Wednesday, November 18, 2009
Ishmael and the Trickster Spider
Our facts of the day about Sierra Leone and the United States concerned the most commonly practiced religions in each of these countries. In Seirra Leone, the most popular two religions are the Muslim and Christian faiths and these are mixed with lingering indigenous beliefs. In the United States, the top three religions are Protestant, Roman Catholic, and the Jewish faith.
Already, we've seen that Ishmael, his friends, and his family have a mix of beliefs. Some celebrations and traditions seem to relate more to tribal and indigenous traditions, whereas some of the beliefs that the boys express seem more tied to organized religion.
In our reading of chapter ten, we were able to see Ishmael and his friends welcomed into a village and invited to a feast. Their happiness is short lived, though, as they feel the need to continue their travels and even seem to feel guilty about having too much fun. At the end of the chapter, we learn that Ishmael's family may be alive and well just a few miles away. We'll learn whether or not he catches up with his family next class.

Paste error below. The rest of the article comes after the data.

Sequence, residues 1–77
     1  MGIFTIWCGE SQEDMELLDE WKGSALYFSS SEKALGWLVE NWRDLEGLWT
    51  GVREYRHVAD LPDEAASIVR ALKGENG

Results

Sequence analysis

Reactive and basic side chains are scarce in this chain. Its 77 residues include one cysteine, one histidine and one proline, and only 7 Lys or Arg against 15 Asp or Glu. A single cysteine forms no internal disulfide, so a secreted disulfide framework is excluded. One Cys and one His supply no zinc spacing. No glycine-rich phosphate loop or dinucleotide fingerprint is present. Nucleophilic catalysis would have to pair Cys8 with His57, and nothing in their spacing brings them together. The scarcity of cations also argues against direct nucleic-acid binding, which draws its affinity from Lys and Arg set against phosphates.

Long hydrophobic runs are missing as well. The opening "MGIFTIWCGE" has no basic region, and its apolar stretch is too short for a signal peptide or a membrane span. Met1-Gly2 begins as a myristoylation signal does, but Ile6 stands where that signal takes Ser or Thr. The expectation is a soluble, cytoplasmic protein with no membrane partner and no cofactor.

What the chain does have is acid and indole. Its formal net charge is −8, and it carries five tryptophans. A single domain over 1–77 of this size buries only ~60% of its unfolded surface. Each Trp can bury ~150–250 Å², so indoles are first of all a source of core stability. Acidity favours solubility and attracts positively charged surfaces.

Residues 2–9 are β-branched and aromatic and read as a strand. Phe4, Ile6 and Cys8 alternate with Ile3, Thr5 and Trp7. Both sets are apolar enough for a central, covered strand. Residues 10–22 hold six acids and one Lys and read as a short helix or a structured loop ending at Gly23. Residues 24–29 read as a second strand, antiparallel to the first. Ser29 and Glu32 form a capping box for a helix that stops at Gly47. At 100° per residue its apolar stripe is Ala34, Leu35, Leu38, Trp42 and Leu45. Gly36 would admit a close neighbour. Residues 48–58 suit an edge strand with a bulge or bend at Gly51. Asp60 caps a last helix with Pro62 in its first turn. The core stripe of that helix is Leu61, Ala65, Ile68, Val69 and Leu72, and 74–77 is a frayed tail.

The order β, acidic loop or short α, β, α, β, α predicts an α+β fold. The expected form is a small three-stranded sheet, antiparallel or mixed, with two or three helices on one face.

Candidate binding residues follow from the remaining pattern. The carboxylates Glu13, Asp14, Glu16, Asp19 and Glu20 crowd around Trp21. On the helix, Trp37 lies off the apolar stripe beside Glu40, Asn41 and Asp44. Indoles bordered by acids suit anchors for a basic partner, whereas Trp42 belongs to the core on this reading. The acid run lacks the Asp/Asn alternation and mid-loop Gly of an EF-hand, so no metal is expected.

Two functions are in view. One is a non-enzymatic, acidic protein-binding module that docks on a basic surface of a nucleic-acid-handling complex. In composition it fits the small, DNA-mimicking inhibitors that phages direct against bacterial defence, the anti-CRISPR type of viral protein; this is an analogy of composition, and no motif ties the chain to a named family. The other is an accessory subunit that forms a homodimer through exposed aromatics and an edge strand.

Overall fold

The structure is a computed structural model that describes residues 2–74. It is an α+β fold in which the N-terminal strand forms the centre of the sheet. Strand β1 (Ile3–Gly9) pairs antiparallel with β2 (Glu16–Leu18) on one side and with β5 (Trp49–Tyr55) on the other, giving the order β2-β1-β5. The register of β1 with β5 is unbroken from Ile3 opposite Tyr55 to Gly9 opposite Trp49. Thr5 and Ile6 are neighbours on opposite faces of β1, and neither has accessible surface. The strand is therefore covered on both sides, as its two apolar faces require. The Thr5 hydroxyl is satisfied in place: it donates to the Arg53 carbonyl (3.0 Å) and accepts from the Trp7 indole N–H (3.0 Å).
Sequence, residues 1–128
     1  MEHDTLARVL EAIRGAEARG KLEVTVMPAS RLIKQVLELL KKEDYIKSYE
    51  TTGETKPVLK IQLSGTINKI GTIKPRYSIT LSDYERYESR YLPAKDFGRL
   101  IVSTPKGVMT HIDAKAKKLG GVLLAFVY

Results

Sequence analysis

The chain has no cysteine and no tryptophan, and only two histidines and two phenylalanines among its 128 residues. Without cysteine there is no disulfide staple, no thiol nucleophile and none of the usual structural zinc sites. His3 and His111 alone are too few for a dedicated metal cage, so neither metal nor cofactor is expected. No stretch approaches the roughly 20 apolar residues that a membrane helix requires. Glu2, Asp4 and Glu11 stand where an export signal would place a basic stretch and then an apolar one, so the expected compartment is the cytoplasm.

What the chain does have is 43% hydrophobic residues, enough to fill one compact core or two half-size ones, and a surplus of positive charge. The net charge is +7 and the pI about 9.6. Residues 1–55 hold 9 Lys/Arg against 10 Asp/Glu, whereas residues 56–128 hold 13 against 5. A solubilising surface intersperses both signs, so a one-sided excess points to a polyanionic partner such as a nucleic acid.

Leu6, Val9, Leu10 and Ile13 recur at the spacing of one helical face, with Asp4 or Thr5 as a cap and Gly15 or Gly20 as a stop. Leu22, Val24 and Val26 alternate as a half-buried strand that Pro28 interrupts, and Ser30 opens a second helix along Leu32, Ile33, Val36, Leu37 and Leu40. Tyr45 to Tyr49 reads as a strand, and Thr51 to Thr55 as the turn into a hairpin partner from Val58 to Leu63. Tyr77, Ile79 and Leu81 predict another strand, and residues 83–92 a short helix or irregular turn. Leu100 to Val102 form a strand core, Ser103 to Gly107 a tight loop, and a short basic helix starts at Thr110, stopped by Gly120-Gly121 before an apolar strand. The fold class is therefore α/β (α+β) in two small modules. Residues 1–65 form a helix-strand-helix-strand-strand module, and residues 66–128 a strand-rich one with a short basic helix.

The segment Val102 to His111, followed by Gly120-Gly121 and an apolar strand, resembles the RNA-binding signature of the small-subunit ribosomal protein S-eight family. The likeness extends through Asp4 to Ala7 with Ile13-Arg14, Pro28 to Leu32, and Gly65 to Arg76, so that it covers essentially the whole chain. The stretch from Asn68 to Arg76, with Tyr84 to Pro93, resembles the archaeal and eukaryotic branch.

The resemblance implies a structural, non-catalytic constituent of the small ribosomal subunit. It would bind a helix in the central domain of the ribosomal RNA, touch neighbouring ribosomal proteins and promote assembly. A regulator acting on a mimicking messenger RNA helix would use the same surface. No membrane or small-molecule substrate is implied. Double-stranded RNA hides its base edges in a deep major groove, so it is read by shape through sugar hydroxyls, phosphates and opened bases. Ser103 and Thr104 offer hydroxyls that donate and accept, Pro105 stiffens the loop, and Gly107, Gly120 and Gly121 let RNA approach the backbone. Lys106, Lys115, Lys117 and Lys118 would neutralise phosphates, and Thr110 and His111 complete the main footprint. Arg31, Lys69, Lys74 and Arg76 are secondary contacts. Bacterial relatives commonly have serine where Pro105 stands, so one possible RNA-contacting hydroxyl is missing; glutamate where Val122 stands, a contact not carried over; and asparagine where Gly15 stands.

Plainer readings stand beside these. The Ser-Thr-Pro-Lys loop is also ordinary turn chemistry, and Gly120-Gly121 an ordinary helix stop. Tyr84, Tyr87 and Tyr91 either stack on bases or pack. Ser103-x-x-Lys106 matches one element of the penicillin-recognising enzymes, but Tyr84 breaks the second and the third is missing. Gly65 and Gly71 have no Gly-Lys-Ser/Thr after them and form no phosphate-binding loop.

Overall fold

Another huge part of today's discussion was the infamous trickster the Bra Spider. At first, some of us were worried that this was a real type of spider that we should fear, but after we heard the story of the Bra Spider, we knew that this was not the case. We did want to know how this spider got his name, and I think I found the answer this evening. Ms. Petroska, I believe, was on the right track. "Bra" comes from the word "brother" and is similar to the African American contraction "Br'er", as in "Br'er Rabbit". The West African word for spider is "anansi" and a quick search for "br'er anansi" will net you a lot of results about a trickster spider who often gets himself into trouble.